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Picture books entail unique craft, abstract art

The Fresno Arts Council sponsors ArtHop, an event which educates the community about the local arts. In this column, junior Dana King chronicles her twice-a-month visits to ArtHop.

As part of my pre-ArtHop preparation, I searched Google for the offered venues in downtown Fresno this month.

Unfortunately, not many galleries were showcasing their art, and the available exhibits open to the public were ones I had already visited.

After more Internet searching, a new art topic appeared on the screen: book art. I did not understand exactly what this was, even after much more specific Internet searching.

So, in order to widen my knowledge on the subject, I chose to visit this gallery.

Fresno City College displayed the book art in its Art and Space Gallery, where I was introduced to a compelling and exquisite collection of art.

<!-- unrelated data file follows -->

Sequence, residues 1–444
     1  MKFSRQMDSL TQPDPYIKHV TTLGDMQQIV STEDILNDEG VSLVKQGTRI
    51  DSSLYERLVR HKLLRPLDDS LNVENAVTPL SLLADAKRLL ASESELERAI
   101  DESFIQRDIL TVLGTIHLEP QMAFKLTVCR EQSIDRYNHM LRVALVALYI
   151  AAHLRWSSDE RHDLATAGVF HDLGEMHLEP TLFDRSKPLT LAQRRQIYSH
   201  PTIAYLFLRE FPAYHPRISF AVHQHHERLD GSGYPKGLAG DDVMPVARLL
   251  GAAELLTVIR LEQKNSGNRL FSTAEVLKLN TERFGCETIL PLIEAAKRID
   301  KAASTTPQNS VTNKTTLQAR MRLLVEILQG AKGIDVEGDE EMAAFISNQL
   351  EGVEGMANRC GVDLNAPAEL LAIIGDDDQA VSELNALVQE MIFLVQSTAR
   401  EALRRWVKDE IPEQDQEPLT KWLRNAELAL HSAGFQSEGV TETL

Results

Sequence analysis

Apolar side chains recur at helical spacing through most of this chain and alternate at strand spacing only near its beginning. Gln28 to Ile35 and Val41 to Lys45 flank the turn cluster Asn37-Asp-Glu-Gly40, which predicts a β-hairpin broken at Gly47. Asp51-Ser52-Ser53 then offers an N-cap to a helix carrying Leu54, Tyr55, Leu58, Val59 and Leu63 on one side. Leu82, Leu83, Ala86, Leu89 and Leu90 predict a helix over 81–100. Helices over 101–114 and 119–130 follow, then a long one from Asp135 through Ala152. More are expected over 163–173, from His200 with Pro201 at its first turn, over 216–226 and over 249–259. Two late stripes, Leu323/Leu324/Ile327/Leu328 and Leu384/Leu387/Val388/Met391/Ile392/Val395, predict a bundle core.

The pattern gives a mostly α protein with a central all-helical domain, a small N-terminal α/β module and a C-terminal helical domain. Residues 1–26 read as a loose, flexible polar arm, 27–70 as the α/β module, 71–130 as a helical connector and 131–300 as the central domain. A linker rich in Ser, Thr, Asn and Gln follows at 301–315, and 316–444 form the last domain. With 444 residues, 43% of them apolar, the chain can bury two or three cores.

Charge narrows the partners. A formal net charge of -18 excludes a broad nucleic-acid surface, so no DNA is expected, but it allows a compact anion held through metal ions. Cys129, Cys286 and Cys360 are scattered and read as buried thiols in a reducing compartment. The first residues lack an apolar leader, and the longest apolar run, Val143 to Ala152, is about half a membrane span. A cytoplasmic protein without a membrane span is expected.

Picture books stood on sporadically placed pedestals within the room. However, the term “picture book” does not do the art justice. Rather than illustrated children’s books, each book is uniquely designed from cover-to-cover and presents a message through abstract pictures, illustrations or poetry.

Of all the art I have seen so far, this type of art was the most creative idea and the most intriguing. To call the pieces mere picture books is an understatement.

Despite the high quality of art, this venue lacked a professional atmosphere. No artist was present, and as a result, those who visited were not able to learn more about the works.

In addition, three bored-looking college students were overseeing the art to ensure its safety. No one knew much about the art, and the room was essentially empty.

However, the art was still worth learning about, and I encourage those interested to research this topic to learn about the many workshops that are offered. An organization which specializes in the forms of book art and offers educational workshops is the San Francisco Center for the Book. Their next meeting will be held on Feb. 17 at 6 p.m.

Though this gallery was stationed at an unprofessional location, the value of this creative form of art was worth the trip.

For more information on ArtHop, read the Jan. 10 column, Themed paintings combine traditional, modern techniques.

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